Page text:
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Heatwaves in India

  • Category
    Geography
  • Published
    14th Oct, 2021

Context

New research has found that the regions of central, northwest and south-central India are the new hotspots of intense heat waves in the country in the last 50 years. They also found that there has been an increase in severe heat waves in the country, in recent years.

About Heat Wave:

  • A heat wave is a period of unusually hot weather that typically lasts two or more days. To be considered a heat wave, the temperatures have to be outside the historical averages for a given area.
  • Criteria for declaring Heat Wave: Heat wave is considered if the maximum temperature of a station reaches at least 40 degree Celsius or more for Plains and at least 30 degree Celsius or more for Hilly regions.
  • Period of Heat Wave in India: It is occurring mainly during March to June and in some rare cases even in July. The peak month of the heat wave over India is May.
  • The heat wave prone states over India: Heat waves generally occur over plains of northwest India, Central, East & north Peninsular India during March to June. It covers Punjab, Haryana, Delhi, Uttar Pradesh, Bihar, Jharkhand, West Bengal, Odisha, Madhya Pradesh, Rajasthan, Gujarat, parts of Maharashtra & Karnataka, Andhra Pradesh and Telangana. Sometimes it occurs over Tamilnadu & Kerala also.
  • Favorable conditions for Heat wave:
  • Transportation / Prevalence of hot dry air over a region
  • Absence of moisture in the upper atmosphere
  • The sky should be practically cloudless
  • Large amplitude anticyclonic flow over the area.
  • Heat Index: The heat index is the combination of air temperature and relative humidity, it measures how hot it really feels when relative humidity is factored in with the actual air temperature.
  • Health Impacts of Heat Waves: The health impacts of Heat Waves typically involve dehydration, heat cramps, heat exhaustion and/or heat stroke.
  • Impact based heat wave warning issue by India Meteorological Department (IMD):

Key Observations in the Recent Research:

  • Change in Spatial and Temporal Trends: A team of researchers studied the change in spatial and temporal trends in Heatwaves (HW) and Severe heatwaves (SHW) over the past seven decades in different meteorological subdivisions of India.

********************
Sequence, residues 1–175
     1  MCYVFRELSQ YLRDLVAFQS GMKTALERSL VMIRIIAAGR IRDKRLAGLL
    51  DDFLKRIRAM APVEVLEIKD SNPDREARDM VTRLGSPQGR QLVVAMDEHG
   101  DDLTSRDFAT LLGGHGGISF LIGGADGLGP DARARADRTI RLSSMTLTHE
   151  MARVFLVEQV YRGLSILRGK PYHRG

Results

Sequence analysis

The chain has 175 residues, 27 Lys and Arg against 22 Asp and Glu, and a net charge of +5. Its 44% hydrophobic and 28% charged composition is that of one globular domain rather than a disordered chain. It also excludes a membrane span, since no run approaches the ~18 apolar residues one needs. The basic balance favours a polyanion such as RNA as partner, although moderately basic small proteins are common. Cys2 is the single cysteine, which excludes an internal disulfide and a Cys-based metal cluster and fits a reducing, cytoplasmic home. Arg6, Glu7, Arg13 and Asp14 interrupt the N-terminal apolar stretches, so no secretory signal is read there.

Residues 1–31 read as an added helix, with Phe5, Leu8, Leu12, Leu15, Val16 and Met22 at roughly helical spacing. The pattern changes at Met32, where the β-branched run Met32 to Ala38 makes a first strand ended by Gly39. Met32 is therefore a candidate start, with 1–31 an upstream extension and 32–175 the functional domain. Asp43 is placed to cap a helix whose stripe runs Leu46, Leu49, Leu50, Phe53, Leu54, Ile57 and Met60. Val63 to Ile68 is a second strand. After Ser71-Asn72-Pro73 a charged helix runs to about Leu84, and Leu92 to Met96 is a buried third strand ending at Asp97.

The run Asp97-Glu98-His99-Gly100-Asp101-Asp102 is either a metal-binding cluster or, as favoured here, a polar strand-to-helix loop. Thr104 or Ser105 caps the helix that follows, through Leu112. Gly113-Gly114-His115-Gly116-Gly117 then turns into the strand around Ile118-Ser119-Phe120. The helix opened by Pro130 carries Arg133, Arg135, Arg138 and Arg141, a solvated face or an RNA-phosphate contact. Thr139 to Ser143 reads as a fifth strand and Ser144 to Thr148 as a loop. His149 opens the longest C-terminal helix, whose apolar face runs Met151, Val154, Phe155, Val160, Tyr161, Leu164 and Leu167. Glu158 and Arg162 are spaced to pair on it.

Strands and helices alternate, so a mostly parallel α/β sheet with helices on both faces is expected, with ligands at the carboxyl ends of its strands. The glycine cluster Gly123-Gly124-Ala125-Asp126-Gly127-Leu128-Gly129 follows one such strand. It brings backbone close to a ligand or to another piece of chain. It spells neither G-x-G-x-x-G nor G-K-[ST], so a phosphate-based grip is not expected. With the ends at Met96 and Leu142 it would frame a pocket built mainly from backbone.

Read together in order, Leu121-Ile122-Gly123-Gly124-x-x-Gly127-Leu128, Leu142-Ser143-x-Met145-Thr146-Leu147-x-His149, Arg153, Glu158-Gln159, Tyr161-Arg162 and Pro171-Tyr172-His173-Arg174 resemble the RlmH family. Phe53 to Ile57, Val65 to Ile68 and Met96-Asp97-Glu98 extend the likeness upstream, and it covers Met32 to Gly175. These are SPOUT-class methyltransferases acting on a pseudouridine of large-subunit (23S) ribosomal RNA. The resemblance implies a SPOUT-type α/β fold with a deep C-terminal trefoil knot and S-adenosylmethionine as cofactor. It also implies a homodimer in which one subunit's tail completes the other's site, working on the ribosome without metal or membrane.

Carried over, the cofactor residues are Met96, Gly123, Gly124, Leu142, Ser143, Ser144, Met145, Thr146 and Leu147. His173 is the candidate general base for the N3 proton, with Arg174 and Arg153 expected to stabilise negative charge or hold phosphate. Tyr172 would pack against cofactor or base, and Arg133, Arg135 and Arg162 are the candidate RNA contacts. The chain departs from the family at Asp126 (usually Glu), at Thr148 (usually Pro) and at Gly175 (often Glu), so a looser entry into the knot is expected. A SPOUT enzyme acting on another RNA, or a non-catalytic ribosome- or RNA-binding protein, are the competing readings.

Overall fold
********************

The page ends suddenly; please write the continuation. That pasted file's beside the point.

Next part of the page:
• Shift in the Spatio-temporal trend of HW: The study showed a shift in the Spatio-temporal trend of HW events from the eastern region of Gangetic West Bengal and Bihar to North-Western, Central and further to the south-central region of India.
  • Expansion and a Spatial Surge in SHW Events: The research also observed an alarming southward expansion and a spatial surge in SHW events in the last few decades that may put a greater population at additional risk of heat stress in a region already characterized by low Diurnal temperature range (DTR), or the difference between the maximum and minimum temperatures within one day and high humidity.
  • Correlated with Mortality in Odisha and Andhra Pradesh: Importantly, the HW/SHW events were found to be positively correlated with mortality in Odisha and Andhra Pradesh, highlighting that human health is highly susceptible to severe heatwave disasters.

Additional Information:

  • Between 2000 and 2016, the number of people exposed to heat waves increased by around 125 million. In 2015 alone, 175 million additional people were exposed to heat waves compared to average years.
  • Single events can last weeks, occur consecutively, and result in significant excess mortality. In 2003, 70,000 people in Europe died as a result of the June-August event, in 2010, 56,000 excess deaths occurred during a 44-day heatwave in the Russian Federation.

Way Forward:

Heatwaves emerged as a deadly health hazard, claiming thousands of lives across the globe in recent decades, with episodes strengthening in frequency, intensity, and duration in the past half-century in India as well. This has caused severe impacts on health, agriculture, economy, and infrastructure.  With an ever-increasing extreme-temperature threshold, a heat resilient future is the need of the hour. Dense population with an intensive outdoor work culture calls for an equitable heat resilient mitigation and adaptation strategies covering each section of the society depending on their vulnerability.

To mitigate future disastrous implications of exacerbated heat extremes and frame adequate adaptation measures in the wake of possible emergence of new hotspots, reliable future projections are needed.

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